Wednesday, 26 October 2005: 8:15 AM
Alvarado ABCD (Hotel Albuquerque at Old Town)
The study of MCVs spawned from organized convection constituted a major component of BAMEX. In all, five mature MCVs were sampled with dropsondes. In this talk we first review the convection that gave rise to these MCVs and the attendant synoptic-scale conditions. We then present analysis of the kinematic and thermodynamic structure of each MCV, including an assessment of the degree of dynamical balance. Vertical motion within the circulation of each vortex is computed and used to interpret thermodynamic variations that promote new convection downshear. Horizontal advection of temperature induced by the MCV was significant in some cases, leading to the structures resembling extratropical cyclones, but with length scales of only a few hundred kilometers.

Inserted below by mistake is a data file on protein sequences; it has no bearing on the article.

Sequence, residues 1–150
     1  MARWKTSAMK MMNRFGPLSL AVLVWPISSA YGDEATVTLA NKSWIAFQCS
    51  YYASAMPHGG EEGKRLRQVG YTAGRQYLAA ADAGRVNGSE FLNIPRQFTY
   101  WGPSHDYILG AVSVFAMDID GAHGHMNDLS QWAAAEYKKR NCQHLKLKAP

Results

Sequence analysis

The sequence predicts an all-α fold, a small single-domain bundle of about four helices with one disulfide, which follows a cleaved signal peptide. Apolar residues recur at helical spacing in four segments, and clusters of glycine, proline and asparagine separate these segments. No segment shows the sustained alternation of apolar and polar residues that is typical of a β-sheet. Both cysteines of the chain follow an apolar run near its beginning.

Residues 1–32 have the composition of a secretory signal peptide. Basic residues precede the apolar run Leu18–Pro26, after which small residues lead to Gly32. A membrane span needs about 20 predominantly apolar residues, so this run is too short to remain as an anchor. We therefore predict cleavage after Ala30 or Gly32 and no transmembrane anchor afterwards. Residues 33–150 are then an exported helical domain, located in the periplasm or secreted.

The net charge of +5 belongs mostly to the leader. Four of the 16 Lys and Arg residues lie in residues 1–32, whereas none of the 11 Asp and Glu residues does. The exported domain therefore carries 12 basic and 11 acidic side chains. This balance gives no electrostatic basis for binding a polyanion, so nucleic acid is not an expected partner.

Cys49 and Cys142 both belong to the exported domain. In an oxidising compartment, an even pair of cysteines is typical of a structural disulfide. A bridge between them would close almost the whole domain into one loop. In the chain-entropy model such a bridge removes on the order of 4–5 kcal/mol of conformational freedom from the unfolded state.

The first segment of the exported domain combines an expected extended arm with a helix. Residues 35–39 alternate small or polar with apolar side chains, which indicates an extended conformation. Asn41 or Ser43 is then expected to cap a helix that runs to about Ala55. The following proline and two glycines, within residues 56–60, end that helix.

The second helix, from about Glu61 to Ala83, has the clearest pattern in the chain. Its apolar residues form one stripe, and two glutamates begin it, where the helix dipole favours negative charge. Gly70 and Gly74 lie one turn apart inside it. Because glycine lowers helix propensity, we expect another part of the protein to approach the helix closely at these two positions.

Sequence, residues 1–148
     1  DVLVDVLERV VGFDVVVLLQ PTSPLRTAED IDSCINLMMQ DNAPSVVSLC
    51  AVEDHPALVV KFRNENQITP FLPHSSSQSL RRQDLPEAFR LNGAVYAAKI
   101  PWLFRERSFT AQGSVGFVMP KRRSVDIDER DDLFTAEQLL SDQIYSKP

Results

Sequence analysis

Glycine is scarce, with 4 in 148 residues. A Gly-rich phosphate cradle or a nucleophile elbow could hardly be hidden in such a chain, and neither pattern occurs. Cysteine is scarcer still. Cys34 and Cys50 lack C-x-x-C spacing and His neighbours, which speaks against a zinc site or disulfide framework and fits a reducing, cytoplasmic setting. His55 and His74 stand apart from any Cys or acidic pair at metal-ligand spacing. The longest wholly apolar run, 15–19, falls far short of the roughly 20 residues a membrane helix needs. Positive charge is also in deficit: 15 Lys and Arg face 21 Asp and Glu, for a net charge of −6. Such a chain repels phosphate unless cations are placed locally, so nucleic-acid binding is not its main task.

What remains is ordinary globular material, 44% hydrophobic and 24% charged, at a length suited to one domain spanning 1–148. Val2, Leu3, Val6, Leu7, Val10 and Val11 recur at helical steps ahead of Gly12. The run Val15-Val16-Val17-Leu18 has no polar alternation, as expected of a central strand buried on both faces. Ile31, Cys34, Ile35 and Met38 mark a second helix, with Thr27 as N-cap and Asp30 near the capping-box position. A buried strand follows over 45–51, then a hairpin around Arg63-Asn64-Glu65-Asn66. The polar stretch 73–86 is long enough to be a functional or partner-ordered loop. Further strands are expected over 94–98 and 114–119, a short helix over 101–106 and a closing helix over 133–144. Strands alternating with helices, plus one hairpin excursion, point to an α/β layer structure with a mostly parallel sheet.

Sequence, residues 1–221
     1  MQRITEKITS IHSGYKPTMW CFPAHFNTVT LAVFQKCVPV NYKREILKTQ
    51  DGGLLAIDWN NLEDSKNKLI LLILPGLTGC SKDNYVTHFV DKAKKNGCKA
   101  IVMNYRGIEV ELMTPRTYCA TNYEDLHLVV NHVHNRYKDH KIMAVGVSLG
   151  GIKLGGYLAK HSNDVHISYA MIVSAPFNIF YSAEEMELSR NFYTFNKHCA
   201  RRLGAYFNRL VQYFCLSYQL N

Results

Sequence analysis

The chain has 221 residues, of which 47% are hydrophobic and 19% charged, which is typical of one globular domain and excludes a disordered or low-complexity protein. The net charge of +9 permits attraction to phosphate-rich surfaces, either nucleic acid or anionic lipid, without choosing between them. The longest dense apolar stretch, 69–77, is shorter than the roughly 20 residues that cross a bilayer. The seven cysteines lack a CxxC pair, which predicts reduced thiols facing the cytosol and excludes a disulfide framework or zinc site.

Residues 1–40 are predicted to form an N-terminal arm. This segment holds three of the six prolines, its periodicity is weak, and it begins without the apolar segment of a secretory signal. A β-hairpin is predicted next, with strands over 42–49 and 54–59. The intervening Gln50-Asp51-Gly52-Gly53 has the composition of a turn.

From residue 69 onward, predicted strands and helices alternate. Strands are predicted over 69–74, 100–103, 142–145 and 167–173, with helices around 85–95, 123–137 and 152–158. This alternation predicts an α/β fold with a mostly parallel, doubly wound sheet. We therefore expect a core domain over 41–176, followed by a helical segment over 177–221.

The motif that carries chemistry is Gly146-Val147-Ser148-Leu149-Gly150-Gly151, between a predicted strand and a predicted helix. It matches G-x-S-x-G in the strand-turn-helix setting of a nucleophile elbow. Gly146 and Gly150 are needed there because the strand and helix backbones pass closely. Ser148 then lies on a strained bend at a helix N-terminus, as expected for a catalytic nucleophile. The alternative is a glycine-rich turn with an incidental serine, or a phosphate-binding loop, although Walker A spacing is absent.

Vortices spanning a considerable range of size, intensity and structure were observed. The longest-lived case, 11 June 2003, was part of a multi-day vortex that transitioned from elevated circulation to a deep cyclone extending through the troposphere. Although the MCVs formed in vertical wind shears of varying strengths, only the 11 June case occurred in shear that was less than 5 m/s over the depth of the vortex. In two of the cases, the mesoscale kinematic and thermodynamic modification due to the MCV promoted severe weather in an environment that would be otherwise considered benign.
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